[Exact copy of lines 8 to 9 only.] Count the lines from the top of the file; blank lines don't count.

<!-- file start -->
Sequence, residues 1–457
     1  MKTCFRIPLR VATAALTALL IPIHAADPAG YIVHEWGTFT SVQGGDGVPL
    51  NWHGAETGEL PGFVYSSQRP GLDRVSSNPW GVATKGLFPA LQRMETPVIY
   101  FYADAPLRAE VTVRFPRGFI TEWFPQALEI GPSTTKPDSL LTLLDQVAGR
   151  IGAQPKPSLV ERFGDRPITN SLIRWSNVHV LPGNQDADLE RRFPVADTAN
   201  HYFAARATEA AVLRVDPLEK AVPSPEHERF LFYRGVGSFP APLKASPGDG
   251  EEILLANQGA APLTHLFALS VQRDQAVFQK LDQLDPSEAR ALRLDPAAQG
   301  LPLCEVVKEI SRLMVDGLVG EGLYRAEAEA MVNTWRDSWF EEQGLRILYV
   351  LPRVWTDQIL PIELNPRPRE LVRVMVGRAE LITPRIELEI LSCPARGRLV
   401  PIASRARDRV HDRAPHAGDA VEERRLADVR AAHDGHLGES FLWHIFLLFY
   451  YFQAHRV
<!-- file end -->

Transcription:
   301  LPLCEVVKEI SRLMVDGLVG EGLYRAEAEA MVNTWRDSWF EEQGLRILYV
   351  LPRVWTDQIL PIELNPRPRE LVRVMVGRAE LITPRIELEI LSCPARGRLV